'I thoroughly enjoyed reading this book from start to finish and found it very hard to put down a lot of the time. It has been beautifully written and I can see that a lot of work has gone into it. This is a wonderful debut novel by Vanessa Diffenbaugh and I hope she writes another book very soon. This book is divided into four different sections. It follows the life of Victoria Jones who after a childhood spent in the foster care system going from one home to another, understandably finds it difficult to get close to anyone. The one thing that keeps her going is flowers and their various meanings. Once Victoria turns eighteen she finds that she has nowhere to go and ends up sleeping rough in a public park where she plants and tends to a small garden of her own. Her talent is discovered by a local florist who takes her on. Victoria soon realises that she has a gift for helping others through the flowers she chooses for them and becomes very popular. But it takes meeting a mysterious vendor at the flower market for her to realise what she’s been missing in her own life, and as she starts to fall for him, she is forced to confront a very painful secret from her past. What I liked about this novel is that it concentrates on Victoria’s present life but also gives you good insight into her past and what happened, leading to an incident that she truly regretted for years to come. It really worked for this story, and it didn’t throw me at all. I also liked the handy dictionary of the meanings of flowers at the back of the book. I kept referring back to it and it could well come in useful in the future. I can see this being made into a film in the future, its that good! I give this novel 5 out of 5. Hope it’s a bestseller.' - Sonya Kemp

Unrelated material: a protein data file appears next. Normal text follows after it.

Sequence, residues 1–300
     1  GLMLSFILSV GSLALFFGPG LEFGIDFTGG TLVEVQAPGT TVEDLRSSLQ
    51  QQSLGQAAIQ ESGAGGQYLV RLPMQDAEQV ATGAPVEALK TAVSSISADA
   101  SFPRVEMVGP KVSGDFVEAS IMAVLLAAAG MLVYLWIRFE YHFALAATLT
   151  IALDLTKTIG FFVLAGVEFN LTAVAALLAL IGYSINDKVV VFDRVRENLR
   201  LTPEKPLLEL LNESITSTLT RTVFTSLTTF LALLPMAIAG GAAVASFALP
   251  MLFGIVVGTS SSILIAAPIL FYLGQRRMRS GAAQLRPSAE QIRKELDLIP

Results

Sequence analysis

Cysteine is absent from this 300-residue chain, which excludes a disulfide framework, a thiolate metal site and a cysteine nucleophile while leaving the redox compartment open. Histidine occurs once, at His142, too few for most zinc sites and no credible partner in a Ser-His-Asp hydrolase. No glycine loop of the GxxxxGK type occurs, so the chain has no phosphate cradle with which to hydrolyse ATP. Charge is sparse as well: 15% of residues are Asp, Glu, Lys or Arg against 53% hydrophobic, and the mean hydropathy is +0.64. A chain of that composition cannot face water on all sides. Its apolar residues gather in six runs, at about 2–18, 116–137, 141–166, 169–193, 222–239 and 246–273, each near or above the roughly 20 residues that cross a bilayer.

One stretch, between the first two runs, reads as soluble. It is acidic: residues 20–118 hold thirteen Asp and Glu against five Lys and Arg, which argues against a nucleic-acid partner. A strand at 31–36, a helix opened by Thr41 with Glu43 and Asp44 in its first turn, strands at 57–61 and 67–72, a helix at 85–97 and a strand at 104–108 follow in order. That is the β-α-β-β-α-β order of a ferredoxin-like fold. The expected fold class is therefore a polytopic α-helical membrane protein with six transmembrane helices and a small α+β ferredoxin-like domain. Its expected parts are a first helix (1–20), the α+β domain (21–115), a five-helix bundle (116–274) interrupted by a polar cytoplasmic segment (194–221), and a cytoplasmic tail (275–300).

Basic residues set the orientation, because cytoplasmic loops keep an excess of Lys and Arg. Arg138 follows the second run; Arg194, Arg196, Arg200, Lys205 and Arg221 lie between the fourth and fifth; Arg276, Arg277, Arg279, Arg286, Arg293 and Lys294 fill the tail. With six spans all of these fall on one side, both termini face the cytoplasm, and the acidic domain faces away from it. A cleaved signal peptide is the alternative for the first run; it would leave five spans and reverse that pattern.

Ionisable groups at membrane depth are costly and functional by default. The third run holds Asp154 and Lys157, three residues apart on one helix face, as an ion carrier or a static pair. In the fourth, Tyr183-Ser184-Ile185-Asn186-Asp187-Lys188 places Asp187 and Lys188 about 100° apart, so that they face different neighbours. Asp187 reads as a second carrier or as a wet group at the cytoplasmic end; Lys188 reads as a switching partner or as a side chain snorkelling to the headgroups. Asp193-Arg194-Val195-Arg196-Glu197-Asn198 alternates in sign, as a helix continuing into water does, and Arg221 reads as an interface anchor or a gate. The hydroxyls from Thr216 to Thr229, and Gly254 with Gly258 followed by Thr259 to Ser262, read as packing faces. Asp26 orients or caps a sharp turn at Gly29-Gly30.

'Life without love, life without security is the challenge that faces Victoria in the emotive yet beautiful novel by Vanessa Diffenbaugh The Language of Flowers. With no family of her own, as a young child being ferried from one adoption house to another, Victoria is a lonely little girl with no solitude, or happiness in life until she meets Elizabeth who is willing to adopt her. Through the language of flowers, and their meanings, Elizabeth’s firm yet caring manner, teaches Victoria what it feels like to be loved, to be needed and to be part of a family. However just as life seems to be on the right track, something tragic occurs that changes Victoria’s new life forever, and puts her right back under the lonely reigns of the adoption system once again. Several years later, when Victoria is old enough to no longer be the legal responsibility of the state, she is out on her own. Managing to build a new life for herself working as a florists assistant and with the help of mysterious figure from her past, the many layers of Victoria’s being, enveloped and shut away like a tiny bud, slowly start to be unveiled. Unfolding and revealing the core of someone she has longed to be.' - Sarahjane Funnell